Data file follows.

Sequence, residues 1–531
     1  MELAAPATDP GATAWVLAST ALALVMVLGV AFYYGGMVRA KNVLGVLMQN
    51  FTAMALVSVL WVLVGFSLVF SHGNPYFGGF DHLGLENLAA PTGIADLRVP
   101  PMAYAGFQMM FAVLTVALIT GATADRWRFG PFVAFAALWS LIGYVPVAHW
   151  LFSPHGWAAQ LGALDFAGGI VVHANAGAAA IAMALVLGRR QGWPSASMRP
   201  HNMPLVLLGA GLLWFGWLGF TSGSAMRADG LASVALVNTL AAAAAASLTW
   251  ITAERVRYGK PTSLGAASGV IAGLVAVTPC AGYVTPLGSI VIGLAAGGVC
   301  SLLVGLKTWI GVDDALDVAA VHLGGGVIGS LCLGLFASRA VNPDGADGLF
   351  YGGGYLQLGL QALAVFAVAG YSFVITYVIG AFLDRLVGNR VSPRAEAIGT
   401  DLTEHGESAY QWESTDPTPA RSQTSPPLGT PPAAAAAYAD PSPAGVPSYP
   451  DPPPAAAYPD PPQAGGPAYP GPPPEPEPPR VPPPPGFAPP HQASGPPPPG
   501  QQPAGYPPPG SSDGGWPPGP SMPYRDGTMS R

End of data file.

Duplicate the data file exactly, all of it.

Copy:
Sequence, residues 1–531
     1  MELAAPATDP GATAWVLAST ALALVMVLGV AFYYGGMVRA KNVLGVLMQN
    51  FTAMALVSVL WVLVGFSLVF SHGNPYFGGF DHLGLENLAA PTGIADLRVP
   101  PMAYAGFQMM FAVLTVALIT GATADRWRFG PFVAFAALWS LIGYVPVAHW
   151  LFSPHGWAAQ LGALDFAGGI VVHANAGAAA IAMALVLGRR QGWPSASMRP
   201  HNMPLVLLGA GLLWFGWLGF TSGSAMRADG LASVALVNTL AAAAAASLTW
   251  ITAERVRYGK PTSLGAASGV IAGLVAVTPC AGYVTPLGSI VIGLAAGGVC
   301  SLLVGLKTWI GVDDALDVAA VHLGGGVIGS LCLGLFASRA VNPDGADGLF
   351  YGGGYLQLGL QALAVFAVAG YSFVITYVIG AFLDRLVGNR VSPRAEAIGT
   401  DLTEHGESAY QWESTDPTPA RSQTSPPLGT PPAAAAAYAD PSPAGVPSYP
   451  DPPPAAAYPD PPQAGGPAYP GPPPEPEPPR VPPPPGFAPP HQASGPPPPG
   501  QQPAGYPPPG SSDGGWPPGP SMPYRDGTMS R